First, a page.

Eiji Tsuburaya was born on July 7, 1901 in Sukagawa, Fukushima*. He graduated from Jinjo Elementary School in 1916. In pursuit of a boyhood dream he enrolled at Nippon Flying School, but the school closed due to a fatal accident involving the founder. One dream shattered, he searched for a new path and found his way into the night school at Kanda Denki School (currently Tokyo Denki University). To help pay for school, he worked simultaneously in the research and development department of a toy company, taking part not only in the research but the invention of products as well. At around that time, a chance meeting with a figure in the film industry led him to start his film career as an assistant cameraman. Eiji Tsuburaya was 18 years old.
*Eiji Tsuburaya's birthday has been cited as July 7, July 5, and July 10 over the years, but the Tsuburaya family understands his date of birth to be July 7th. Our company is following suit.
When Eiji joined the industry, the Japanese film world was experiencing a sharp rise in popularity, keeping filmmakers busy in day-to-day work. In his spare time, Eiji researched film equipment and developed new filming techniques, in continual pursuit of improvement. Many of the techniques and methods that have become the norm today were devised, developed and established by Eiji Tsuburaya.
Eiji also studied international films closely, incorporating some of the techniques to enhance his own creative style. He focused early on making films using miniatures, as well as synthesis technology that involved the layering of individual strips of film. Highly ambitious, he continuously came up with new special effects techniques that he tested day in and day out. Eiji Tsuburaya was the inventor and leader of Japanese special effects (Tokusatsu) techniques, earning recognition as the "Father of Tokusatsu".
While working at Toho Tokyo Studios, the culmination of Eiji's efforts was seen in “Hawaii Mare Oki Kaisen” (The War at Sea from Hawaii to Malaya) before World War II, and the incredible post-war hit monster film “Godzilla”. The films made him famous not only in Japan but on a global scale. At one time, international production companies lined up to buy the rights to a Tsuburaya film based solely on the rumor he was starting a new project, without any knowledge of the story or characters.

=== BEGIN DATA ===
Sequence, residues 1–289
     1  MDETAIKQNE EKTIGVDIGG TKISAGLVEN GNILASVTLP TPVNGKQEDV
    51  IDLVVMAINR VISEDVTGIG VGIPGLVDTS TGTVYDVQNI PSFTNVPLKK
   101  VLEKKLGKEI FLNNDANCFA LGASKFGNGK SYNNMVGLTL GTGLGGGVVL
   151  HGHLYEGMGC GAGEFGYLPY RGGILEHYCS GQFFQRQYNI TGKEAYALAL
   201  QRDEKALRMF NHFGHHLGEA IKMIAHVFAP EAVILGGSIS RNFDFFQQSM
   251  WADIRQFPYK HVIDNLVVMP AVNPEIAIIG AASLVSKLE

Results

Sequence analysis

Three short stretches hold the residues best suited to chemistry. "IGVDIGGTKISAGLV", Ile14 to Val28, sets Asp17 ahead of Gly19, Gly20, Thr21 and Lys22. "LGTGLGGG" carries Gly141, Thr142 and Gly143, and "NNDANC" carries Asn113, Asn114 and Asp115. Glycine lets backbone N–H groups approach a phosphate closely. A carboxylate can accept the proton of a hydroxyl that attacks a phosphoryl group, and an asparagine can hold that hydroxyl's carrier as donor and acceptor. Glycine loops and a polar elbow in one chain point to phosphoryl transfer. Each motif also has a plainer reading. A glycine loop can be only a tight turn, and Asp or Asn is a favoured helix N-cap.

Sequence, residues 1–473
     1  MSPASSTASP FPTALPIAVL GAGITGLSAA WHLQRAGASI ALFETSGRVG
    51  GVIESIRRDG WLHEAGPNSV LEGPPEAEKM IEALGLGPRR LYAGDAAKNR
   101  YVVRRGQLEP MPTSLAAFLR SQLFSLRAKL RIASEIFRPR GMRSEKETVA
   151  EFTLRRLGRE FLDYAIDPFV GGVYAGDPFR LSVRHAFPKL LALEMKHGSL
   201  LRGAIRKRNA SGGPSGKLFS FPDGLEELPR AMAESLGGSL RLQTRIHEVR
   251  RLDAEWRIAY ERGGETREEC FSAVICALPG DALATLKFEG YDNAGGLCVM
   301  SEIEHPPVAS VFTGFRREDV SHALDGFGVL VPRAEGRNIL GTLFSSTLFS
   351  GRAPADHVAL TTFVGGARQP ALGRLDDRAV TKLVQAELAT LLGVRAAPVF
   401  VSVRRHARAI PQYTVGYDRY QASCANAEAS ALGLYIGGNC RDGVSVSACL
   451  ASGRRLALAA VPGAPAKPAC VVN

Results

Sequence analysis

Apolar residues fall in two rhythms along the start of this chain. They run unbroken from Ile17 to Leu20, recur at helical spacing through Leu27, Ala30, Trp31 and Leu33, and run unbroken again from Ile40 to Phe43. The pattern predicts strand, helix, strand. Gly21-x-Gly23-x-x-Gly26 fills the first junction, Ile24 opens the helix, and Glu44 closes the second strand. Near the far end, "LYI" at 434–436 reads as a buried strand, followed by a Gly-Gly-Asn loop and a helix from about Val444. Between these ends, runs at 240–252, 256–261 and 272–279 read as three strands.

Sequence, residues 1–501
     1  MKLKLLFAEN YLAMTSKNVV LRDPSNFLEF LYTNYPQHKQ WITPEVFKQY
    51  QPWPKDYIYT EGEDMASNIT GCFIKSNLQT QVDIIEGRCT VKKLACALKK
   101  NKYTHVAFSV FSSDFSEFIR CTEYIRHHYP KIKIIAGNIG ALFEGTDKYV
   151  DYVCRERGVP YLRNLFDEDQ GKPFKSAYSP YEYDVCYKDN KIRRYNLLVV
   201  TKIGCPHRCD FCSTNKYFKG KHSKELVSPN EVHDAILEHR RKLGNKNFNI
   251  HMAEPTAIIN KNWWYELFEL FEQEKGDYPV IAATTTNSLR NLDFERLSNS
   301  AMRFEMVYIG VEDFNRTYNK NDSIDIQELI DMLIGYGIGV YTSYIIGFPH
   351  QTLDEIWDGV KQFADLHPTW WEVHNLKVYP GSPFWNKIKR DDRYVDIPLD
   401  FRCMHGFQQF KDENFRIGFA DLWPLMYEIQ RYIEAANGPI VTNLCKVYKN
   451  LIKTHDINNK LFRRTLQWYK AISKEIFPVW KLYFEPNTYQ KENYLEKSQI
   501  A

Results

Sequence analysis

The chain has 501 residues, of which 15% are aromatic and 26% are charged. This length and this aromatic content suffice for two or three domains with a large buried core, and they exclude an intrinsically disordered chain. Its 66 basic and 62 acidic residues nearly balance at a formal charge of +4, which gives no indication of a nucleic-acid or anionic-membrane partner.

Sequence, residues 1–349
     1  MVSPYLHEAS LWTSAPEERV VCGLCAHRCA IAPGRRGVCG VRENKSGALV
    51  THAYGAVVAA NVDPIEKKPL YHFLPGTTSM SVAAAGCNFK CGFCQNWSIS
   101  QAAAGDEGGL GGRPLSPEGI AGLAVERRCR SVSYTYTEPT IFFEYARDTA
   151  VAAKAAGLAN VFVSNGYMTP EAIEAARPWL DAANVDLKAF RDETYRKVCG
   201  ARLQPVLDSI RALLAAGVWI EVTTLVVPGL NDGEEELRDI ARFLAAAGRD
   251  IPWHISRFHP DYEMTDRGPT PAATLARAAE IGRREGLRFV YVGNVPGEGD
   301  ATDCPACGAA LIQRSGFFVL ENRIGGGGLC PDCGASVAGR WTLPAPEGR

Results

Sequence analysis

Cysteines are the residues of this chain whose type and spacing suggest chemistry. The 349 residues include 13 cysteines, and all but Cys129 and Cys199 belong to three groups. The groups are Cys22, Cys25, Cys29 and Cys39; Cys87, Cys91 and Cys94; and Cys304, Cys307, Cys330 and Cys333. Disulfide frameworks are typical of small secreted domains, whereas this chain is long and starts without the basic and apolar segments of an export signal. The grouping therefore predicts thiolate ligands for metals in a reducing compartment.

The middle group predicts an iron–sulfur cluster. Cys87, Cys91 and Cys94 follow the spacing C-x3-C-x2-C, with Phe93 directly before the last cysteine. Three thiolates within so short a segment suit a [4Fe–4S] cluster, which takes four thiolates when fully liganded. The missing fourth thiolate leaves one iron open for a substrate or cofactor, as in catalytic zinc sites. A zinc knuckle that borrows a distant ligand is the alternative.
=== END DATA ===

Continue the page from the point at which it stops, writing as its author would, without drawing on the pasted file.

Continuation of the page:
When discussing Eiji Tsuburaya, the phrase "Father of Tokusatsu" also comes up often. What does the phrase allude to exactly?
Eiji Tsuburaya's Tokusatsu effects were made possible with the help of talented craftsmen who learned to manipulate the miniatures expertly, building and executing intricate sets. The carefully plotted special effect sequences created a level of entertainment like no other, as events in a make-believe world came alive and captivated audiences of all ages. The goal of the films was always to entertain and surprise the audience, and Tokusatsu was maximized to achieve that goal. Shaping the miniature world of Tokusatsu down to its finest details and creating joy for the audience was Eiji Tsuburaya's duty. His astounding balancing act of technique and entertainment was how he came to be known as the "Father of Tokusatsu".
Further, Eiji Tsuburaya turned his attention to a new media that was becoming the main source of entertainment for audiences – the television. He created a film production company hoping to captivate TV audiences with the techniques he had developed in film. The company was called "Tsuburaya Visual Effects Productions", the current TSUBURAYA PRODUCTIONS.
Eiji knew there was no comparison with the movies when it came to screen size, and that television came with the danger of having the channel changed if the viewer grew bored. Thus, he did not compromise with his made-for-TV Tokusatsu works. If he felt at any time the quality of a program was not up to par, he demanded re-edits and re-shoots as he did with his films.
As a result, his first work of television, Ultra Q, became a hit and created a "monster phenomenon" around Japan. This was followed by the innovative concept of monsters fighting giant heroes in ULTRAMAN and ULTRA SEVEN, two shows designed to be serialized.
Additionally, there were comedy plots involving monsters in the daily lives of children in “Booska, the Friendly Beast”, the blending of Tokusatsu techniques with human drama in “Operation: Mystery!” and an ambitious Tokusatsu work using mechanical miniatures in “Mighty Jack”. Experienced engineers and craftsmen who had studied under Eiji Tsuburaya brought these mesmerizing stories to life.
Even after achieving success in television, Eiji continued to make films on commission and plan new films, working vigorously until he fell ill and passed away in Izu, where he was being treated. He was 68 years old.
During treatment, he continued to write scripts for “Nippon Hikoki Yaro” and “Kaguya Hime”. He loved Tokusatsu until his final days and never stopped believing in it.
Eiji's wish was to create works that were not only joyful, but could spark viewers' imaginations, provide hope for the future, and cultivate kindness in young viewers' hearts. His wish and passion are kept alive today, fifty years since TSUBURAYA PRODUCTIONS was founded. The company continues to create works and characters that capture the hearts of viewers around the world.